It continues in that vein, of course. If you can’t go to a magnet school or a private school you can work with your school’s guidance counsellor. You can always learn to code software (and I have plenty of friends who work in software and I will say, straight up, that the idea of coding as a universal panacea to aid all social mobility problems is wildly overrated whether it is coming from Stupid McRichdude or Cory Doctorow). In Gene Marks’ world there are always opportunities. I know this because he says so repeatedly, and if a poor black kid has to work harder to get those opportunities, well, maybe that’s not fair, but that’s just how things are.3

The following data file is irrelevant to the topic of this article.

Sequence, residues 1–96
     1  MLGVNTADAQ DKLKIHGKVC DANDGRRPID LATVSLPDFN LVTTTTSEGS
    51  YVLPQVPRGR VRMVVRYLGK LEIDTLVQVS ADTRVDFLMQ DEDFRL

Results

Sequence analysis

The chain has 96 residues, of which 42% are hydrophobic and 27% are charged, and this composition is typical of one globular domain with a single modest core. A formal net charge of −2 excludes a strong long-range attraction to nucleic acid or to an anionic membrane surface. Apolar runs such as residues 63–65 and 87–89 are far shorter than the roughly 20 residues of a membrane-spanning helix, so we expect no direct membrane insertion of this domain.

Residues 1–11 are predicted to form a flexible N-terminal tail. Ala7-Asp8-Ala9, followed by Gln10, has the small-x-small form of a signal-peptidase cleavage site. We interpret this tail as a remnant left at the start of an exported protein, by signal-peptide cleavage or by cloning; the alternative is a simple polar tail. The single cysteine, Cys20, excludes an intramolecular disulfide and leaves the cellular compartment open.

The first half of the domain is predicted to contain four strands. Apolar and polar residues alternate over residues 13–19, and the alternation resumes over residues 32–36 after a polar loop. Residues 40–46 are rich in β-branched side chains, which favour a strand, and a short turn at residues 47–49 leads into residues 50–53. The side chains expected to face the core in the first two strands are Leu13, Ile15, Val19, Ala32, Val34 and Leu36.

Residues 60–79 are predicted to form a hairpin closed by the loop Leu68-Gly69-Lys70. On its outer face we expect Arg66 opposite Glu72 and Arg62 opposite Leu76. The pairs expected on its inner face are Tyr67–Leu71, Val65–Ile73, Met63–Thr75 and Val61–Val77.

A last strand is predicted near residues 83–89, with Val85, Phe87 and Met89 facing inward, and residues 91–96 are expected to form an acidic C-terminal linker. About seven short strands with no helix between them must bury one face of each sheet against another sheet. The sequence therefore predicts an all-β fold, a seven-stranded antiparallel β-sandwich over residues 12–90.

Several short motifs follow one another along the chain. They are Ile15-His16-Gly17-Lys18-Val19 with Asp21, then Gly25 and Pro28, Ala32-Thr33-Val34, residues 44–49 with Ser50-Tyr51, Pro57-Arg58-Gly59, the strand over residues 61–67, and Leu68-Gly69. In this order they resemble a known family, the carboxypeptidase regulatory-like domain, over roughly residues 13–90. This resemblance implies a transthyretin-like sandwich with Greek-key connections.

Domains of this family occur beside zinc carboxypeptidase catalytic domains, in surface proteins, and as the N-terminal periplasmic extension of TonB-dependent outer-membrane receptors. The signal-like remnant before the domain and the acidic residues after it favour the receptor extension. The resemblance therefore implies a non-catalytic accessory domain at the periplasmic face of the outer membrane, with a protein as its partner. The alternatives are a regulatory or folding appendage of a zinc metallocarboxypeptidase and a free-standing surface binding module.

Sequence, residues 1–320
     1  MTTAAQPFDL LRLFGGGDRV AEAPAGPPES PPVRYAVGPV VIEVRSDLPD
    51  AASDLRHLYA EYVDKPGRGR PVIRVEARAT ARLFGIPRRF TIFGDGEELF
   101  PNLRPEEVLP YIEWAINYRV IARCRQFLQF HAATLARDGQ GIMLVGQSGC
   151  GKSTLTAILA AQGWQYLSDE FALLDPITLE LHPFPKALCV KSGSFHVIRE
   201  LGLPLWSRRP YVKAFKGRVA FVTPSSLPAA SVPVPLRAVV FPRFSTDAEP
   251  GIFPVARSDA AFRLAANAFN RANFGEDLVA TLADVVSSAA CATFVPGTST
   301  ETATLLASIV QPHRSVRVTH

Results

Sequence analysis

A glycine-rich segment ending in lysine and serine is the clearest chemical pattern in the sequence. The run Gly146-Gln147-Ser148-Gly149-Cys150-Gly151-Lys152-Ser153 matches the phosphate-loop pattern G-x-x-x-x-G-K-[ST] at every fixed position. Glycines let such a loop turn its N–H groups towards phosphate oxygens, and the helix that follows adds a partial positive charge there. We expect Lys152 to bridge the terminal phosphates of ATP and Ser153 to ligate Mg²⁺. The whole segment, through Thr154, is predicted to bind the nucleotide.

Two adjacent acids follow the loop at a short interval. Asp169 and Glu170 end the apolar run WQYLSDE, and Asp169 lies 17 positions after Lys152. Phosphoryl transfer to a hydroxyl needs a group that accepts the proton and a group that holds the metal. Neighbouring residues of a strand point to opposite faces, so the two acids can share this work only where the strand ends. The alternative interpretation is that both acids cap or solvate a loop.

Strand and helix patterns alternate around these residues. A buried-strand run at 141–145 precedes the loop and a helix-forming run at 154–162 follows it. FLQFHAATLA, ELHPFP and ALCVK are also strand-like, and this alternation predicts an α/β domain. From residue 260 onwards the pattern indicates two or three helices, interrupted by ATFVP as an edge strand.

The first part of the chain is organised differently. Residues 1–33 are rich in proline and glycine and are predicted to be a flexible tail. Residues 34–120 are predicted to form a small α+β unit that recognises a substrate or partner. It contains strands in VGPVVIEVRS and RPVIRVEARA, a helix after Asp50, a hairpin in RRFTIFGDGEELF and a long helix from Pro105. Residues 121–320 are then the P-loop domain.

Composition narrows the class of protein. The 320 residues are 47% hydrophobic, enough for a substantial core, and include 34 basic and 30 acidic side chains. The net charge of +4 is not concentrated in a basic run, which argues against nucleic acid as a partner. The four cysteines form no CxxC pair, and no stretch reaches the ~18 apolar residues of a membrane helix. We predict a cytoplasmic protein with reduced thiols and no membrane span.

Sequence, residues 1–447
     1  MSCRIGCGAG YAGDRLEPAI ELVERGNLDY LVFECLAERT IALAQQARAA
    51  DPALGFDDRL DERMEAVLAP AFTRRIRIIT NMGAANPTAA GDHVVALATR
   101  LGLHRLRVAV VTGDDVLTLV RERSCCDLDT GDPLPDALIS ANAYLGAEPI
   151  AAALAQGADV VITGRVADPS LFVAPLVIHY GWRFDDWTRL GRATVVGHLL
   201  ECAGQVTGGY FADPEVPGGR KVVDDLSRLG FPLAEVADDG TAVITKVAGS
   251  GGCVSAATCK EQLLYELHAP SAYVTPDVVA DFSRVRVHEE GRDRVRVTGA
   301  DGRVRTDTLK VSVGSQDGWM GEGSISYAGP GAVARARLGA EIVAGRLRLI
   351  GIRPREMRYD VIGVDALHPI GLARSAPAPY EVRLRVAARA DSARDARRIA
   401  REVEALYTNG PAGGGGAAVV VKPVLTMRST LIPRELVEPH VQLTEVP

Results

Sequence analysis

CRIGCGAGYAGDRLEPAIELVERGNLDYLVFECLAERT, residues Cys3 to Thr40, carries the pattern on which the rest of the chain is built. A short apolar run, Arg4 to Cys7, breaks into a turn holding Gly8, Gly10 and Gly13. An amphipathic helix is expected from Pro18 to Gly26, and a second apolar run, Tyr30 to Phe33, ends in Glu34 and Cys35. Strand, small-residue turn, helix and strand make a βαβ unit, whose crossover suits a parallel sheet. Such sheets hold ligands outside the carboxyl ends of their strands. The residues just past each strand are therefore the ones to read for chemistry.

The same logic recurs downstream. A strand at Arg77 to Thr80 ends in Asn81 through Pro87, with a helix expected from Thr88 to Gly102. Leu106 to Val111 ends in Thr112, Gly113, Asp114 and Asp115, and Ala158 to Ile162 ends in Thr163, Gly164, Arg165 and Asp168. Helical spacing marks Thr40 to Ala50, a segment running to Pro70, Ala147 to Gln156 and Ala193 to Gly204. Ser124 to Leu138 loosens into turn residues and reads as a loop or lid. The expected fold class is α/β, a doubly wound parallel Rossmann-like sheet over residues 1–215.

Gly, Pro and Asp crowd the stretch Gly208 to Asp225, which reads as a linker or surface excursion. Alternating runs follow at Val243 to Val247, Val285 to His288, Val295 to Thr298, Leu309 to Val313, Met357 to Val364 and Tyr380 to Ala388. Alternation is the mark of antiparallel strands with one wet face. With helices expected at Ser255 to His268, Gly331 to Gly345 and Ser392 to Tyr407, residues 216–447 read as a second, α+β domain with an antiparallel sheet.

And this is where I just throw up my hands because I was not a poor black kid. I was a middle-class white kid, possibly quite like Gene Marks. I did not have to memorize half a dozen pieces of software in order to study or learn skills that would be valuable to future employers instead of sneaking out with my friends to play Advanced Dungeons and Dragons.4 Indeed, I got into an elite private school and got kicked out of it. And I still went to university and got a degree, and then eventually got into law school. Because I was a middle-class white kid, I got to spend my childhood playing rather than working tirelessly to have a decent future. And that’s all right. What isn’t all right is expecting that poor black kids are just going to have to work their asses off to get even a fraction of the opportunities I got.